.WithOrigins("http://www.example.com", "https://www.example.com"));

But here we must pause and understand what makes the same origin and what is cross origin. https and http are two separate schemes. Although they are likely to be under the control of the same person, this is not necessarily guaranteed so they are considered separate origins and need specifying separately!

Likewise, different port numbers are not guaranteed to be under the control of the same people so different ports need to be specified. Hmm.

Using Localhost

Localhost is kind of special even though it shouldn't be. Browsers have treated this differently so that, for example, Chrome used to treat all localhost ports as the same origin even though it breaks the strict definition of same-origin. For our purposes we need to consider localhost to be the same as any other host and if we need to access our API from random localhost ports, we need to code for this. How can we do this in a string list? Not very easily!

We can add another extension method that allows us to lambda our origin matching, this is much more useful because we can use any string methods we want:

 services.AddCors(c =>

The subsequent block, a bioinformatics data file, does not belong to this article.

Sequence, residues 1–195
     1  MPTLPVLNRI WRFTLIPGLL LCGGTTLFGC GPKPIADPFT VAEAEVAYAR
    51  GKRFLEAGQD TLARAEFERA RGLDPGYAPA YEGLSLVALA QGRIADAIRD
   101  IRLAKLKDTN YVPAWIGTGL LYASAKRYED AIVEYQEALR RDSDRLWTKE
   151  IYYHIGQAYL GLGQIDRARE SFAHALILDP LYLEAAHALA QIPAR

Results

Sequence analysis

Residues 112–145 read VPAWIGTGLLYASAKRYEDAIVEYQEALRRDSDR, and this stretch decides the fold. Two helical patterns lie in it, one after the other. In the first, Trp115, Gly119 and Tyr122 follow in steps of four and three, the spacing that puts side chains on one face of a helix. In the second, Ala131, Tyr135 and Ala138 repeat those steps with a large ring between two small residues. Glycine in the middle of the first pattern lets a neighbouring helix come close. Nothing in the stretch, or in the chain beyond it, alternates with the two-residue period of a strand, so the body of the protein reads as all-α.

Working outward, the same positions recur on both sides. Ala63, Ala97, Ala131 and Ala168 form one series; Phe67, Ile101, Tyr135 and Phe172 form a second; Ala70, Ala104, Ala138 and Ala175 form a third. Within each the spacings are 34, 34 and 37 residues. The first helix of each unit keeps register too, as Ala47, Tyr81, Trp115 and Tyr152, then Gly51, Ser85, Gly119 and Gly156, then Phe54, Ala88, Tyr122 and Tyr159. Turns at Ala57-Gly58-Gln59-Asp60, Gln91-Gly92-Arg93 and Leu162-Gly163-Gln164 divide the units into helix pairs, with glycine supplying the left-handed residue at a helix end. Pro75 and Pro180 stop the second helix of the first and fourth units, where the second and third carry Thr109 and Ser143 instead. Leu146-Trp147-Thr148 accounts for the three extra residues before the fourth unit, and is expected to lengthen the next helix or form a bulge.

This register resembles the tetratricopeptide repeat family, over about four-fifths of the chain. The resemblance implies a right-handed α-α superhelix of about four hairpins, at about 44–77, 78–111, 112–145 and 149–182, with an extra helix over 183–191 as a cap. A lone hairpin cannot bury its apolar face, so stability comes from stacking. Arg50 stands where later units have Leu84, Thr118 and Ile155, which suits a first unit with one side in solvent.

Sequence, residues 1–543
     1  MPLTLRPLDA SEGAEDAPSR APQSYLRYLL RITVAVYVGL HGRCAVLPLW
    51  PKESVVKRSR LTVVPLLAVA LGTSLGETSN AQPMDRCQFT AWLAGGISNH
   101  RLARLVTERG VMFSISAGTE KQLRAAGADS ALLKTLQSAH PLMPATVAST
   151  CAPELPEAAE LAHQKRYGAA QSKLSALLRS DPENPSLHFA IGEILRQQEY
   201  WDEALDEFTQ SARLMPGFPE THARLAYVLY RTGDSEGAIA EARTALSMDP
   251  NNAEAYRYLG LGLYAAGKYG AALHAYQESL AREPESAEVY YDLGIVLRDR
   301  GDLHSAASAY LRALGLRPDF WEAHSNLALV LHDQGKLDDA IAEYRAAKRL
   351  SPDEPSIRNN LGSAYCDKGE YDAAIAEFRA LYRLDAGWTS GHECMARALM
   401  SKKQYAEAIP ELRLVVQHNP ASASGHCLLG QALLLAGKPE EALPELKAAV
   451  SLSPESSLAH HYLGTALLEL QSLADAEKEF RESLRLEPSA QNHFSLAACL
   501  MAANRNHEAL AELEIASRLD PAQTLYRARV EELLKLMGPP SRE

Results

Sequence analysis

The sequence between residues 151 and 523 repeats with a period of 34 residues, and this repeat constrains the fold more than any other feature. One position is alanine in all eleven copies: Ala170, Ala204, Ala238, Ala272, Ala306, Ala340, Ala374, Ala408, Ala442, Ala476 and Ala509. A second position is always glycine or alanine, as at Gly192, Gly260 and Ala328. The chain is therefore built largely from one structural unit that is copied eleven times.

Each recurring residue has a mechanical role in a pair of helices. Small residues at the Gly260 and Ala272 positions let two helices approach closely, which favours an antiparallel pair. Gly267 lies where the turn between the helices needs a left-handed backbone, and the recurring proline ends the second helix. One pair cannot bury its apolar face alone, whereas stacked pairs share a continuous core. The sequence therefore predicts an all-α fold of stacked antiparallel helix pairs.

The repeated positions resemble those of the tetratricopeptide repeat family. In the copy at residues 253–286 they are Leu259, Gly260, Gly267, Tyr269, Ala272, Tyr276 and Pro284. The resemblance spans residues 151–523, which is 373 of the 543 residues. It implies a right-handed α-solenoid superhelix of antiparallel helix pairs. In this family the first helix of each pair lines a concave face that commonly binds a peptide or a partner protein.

c.AddPolicy("AllowOrigin", options => options
.SetIsOriginAllowed(origin => {
var hostName = new Uri(origin).Host;
return hostName == "localhost" || hostName.EndsWith("example.co.uk") || hostName.EndsWith("example.io");

In my example, we can ignore the port for localhost and allow subdomain matching on example.co.uk and example.io!

Testing it!

This is fiddly so if you don't have Postman installed and setup, do it now. It takes a while to setup environments and folders and stuff but once you start dealing with auth tokens and the like, it will save ages when you are trying things out!

Remember that CORs is an agreement, it is not enforce magically. In other words, if I simply call the GET endpoint for my API with the correct parameters, it will behave EXACTLY as if CORs was not implemented at all - which can be confusing. Why? Because this was made to be backwards compatible with browsers and APIs and if your front-end app was calling your backend api on the same domain, there is no need to check whether the call is allowed. It should be allowed and will be called and will work exactly as before!

So how do we test it? We have to behave the same way as the browser agrees to behave. We need to pre-flight the request if it is not considered a simple request. Say what?

A Simple CORs request

A simple request does NOT need the pre-flight check from the browser. A simple request is undemanding on resources and can be directly attempted by the browser. These requests limit the headers that are permitted and certain other constraints on the request (see here). Once the call is made, if it is simple, the response will be returned WITH an additional header: Access-Control-Allow-Origin.